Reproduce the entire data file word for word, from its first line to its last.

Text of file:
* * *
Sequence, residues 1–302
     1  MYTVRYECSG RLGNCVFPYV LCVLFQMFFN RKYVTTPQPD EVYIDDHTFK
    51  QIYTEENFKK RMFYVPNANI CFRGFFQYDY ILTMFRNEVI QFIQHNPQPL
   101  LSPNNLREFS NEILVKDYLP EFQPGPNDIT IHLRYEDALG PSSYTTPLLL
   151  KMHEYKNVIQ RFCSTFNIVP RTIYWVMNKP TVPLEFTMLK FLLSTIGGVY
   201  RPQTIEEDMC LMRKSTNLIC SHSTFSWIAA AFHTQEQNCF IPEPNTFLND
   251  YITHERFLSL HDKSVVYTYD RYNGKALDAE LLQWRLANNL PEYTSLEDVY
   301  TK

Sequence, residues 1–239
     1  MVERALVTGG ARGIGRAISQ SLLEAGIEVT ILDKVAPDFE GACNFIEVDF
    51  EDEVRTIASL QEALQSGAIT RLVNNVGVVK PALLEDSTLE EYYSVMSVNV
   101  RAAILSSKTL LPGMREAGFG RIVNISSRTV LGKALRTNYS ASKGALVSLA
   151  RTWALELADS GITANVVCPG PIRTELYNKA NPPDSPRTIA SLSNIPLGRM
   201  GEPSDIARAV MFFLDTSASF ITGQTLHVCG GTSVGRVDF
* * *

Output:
Sequence, residues 1–302
     1  MYTVRYECSG RLGNCVFPYV LCVLFQMFFN RKYVTTPQPD EVYIDDHTFK
    51  QIYTEENFKK RMFYVPNANI CFRGFFQYDY ILTMFRNEVI QFIQHNPQPL
   101  LSPNNLREFS NEILVKDYLP EFQPGPNDIT IHLRYEDALG PSSYTTPLLL
   151  KMHEYKNVIQ RFCSTFNIVP RTIYWVMNKP TVPLEFTMLK FLLSTIGGVY
   201  RPQTIEEDMC LMRKSTNLIC SHSTFSWIAA AFHTQEQNCF IPEPNTFLND
   251  YITHERFLSL HDKSVVYTYD RYNGKALDAE LLQWRLANNL PEYTSLEDVY
   301  TK

Sequence, residues 1–239
     1  MVERALVTGG ARGIGRAISQ SLLEAGIEVT ILDKVAPDFE GACNFIEVDF
    51  EDEVRTIASL QEALQSGAIT RLVNNVGVVK PALLEDSTLE EYYSVMSVNV
   101  RAAILSSKTL LPGMREAGFG RIVNISSRTV LGKALRTNYS ASKGALVSLA
   151  RTWALELADS GITANVVCPG PIRTELYNKA NPPDSPRTIA SLSNIPLGRM
   201  GEPSDIARAV MFFLDTSASF ITGQTLHVCG GTSVGRVDF